Fury as bird death inquiry is dropped
Investigators have been criticised for dropping an inquiry into the UK's worst seabird pollution disaster in decades after admitting they have not been able to locate the ship responsible.
The Maritime and Coastguard Agency (MCA) announced yesterday it had ended its search for the vessel or vessels responsible for causing the disaster that saw more than 4,000 birds washed up on Westcountry beaches covered in a glue-like substance earlier this year.
It was estimated that around 3,500 birds, mostly guillemots, were killed and a further 500 rescued in the incident which first occurred in February and then again in April and May.
The substance responsible was identified by experts as polyisobutylene, or PIB, a glue-like lubricating additive typically found in engine oils.
It had been hoped that an investigation would lead to the prosecution of the ship responsible for discharging the substance, which can currently be released legally under certain conditions, but those hopes were dashed by the MCA announcement.
Alec Taylor, from the RSPB, said it was "extremely disappointed" that the culprits had not been found.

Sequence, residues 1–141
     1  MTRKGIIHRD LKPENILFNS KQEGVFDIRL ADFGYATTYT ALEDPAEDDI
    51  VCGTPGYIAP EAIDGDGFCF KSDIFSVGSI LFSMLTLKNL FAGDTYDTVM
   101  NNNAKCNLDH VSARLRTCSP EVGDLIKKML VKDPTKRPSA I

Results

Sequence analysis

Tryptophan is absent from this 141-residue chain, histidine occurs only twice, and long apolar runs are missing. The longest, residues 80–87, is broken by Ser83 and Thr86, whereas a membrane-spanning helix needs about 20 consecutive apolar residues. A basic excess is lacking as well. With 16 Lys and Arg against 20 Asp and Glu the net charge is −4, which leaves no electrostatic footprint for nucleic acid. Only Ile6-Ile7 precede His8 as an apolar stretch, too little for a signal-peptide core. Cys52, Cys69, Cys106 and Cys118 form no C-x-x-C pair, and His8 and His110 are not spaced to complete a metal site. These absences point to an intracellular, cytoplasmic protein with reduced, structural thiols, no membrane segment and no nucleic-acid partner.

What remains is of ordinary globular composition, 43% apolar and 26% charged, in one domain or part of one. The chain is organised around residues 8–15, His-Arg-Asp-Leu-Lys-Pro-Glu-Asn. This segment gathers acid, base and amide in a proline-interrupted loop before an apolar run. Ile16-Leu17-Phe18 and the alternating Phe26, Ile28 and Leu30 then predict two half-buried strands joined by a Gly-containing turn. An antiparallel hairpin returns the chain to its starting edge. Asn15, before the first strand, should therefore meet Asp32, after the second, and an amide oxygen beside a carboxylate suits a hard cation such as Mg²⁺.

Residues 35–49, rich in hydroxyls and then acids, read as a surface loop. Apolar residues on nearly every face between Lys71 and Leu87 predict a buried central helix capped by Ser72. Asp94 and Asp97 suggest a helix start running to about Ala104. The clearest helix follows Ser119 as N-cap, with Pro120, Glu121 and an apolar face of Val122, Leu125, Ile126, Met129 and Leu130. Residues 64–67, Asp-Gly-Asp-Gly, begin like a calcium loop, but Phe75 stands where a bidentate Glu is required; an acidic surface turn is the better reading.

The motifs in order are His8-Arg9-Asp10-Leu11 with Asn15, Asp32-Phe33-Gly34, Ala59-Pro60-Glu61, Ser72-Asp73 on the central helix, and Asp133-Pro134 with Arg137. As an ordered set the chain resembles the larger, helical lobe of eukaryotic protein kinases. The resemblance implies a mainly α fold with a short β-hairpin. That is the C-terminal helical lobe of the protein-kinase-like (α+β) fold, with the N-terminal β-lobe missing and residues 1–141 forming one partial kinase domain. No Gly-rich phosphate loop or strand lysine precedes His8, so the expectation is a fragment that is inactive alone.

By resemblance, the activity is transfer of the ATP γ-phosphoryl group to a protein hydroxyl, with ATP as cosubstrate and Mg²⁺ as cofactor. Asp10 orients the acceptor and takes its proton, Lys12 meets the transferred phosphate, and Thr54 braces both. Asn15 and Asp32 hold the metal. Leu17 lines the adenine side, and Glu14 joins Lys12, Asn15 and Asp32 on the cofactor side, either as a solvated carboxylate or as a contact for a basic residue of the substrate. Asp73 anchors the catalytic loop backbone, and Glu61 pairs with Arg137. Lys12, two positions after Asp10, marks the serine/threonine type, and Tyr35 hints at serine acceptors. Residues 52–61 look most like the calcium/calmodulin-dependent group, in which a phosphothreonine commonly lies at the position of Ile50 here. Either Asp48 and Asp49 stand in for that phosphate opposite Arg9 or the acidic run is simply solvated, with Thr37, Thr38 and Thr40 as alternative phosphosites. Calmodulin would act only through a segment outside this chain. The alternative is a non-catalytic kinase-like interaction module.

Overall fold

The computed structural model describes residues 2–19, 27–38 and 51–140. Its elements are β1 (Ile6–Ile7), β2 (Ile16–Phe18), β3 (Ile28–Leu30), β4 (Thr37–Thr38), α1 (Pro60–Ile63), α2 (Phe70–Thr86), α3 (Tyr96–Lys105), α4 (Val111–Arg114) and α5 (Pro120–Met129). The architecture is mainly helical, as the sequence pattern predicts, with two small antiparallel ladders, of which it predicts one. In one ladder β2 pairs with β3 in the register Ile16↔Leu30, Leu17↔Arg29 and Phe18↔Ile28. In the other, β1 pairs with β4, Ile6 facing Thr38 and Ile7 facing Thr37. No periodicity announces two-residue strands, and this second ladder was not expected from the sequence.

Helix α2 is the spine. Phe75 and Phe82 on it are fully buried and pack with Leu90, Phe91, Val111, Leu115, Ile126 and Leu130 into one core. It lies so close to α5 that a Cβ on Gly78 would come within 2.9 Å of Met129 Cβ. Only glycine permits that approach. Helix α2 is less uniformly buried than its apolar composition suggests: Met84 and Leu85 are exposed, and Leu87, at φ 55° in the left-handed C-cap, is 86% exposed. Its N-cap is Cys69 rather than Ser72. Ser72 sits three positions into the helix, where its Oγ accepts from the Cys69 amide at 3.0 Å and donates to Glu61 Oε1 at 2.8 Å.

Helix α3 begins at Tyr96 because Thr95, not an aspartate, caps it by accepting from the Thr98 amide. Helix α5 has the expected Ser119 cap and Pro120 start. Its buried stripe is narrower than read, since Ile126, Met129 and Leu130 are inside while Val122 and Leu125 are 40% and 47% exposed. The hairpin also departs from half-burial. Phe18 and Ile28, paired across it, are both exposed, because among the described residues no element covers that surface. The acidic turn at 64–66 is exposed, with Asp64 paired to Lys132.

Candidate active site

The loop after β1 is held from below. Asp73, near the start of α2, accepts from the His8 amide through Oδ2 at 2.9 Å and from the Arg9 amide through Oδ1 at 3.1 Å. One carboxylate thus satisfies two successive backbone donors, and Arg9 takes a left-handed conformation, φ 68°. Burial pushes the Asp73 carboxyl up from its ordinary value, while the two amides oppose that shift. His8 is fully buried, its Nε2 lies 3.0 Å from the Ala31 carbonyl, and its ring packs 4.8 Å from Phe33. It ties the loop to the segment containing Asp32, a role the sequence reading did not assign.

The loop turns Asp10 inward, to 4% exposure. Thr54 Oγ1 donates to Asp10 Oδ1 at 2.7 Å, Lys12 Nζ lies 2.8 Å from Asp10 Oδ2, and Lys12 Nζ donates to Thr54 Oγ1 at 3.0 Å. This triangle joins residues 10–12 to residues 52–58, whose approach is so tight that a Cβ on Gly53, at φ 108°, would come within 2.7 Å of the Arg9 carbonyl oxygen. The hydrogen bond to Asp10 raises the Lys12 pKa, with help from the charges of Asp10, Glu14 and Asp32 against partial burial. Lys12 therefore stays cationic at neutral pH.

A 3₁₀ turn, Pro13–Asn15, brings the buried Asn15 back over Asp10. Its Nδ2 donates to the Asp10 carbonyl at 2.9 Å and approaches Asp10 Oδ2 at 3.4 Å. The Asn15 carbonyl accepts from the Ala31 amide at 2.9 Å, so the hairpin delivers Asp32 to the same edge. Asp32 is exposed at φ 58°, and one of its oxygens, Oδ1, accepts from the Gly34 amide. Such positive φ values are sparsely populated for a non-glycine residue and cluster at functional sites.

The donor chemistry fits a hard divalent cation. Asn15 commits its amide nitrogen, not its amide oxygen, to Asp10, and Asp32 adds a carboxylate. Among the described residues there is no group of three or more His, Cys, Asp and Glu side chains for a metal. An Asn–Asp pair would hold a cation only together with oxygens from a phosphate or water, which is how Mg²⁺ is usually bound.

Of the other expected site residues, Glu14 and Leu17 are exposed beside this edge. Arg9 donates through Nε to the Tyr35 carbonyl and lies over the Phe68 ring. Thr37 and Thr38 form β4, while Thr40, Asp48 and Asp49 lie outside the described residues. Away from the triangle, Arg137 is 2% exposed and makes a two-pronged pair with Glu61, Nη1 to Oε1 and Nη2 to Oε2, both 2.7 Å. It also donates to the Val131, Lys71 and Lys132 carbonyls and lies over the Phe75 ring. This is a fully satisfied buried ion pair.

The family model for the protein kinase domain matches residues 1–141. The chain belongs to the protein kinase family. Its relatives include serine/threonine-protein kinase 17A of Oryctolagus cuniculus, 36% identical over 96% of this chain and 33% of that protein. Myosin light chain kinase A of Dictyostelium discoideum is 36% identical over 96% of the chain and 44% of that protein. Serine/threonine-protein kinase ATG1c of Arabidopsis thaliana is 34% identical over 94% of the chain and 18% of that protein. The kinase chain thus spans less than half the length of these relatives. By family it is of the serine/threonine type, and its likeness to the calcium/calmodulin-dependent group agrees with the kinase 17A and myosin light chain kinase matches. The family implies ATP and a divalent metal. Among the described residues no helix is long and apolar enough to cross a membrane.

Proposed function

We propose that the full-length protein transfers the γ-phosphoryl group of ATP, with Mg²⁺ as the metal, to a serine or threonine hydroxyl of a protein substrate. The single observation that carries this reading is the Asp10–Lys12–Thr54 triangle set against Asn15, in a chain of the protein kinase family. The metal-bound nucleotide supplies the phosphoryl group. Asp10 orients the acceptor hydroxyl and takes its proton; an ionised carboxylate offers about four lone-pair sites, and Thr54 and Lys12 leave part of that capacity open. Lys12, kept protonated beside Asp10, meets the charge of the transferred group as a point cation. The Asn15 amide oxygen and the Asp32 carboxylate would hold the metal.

He said: "Some re-evaluation needs to be done into how we respond to incidents of this kind. The MCA needs to conduct a thorough review of the steps for dealing with non-oil pollution incidents. In the longer term, the best way to avoid this sort of incident is to prevent PIB's discharge in any quantities."
The MCA said it had collected data from all the vessels that passed through the region and looked through their detailed cargo manifests. A spokesman for the organisation said: "Despite the vast amount of information gathered, the MCA has not been able to obtain the evidence needed to link the pollution to any specific vessel. Unless new information comes to light, the investigation is now closed."
Dead and ailing birds started appearing on Devon, Dorset and Cornwall beaches in February, with the grim figure topping the 1,900 contaminated or killed following the beaching of the ship MSC Napoli off the Devon coast in 2007.
Sheryll Murray MP, for South East Cornwall, said the agency didn't have evidence that would have stood up in a prosecution. She said: "They did get as far as focusing on 16 ships, but they didn't get further because there were no independent witnesses."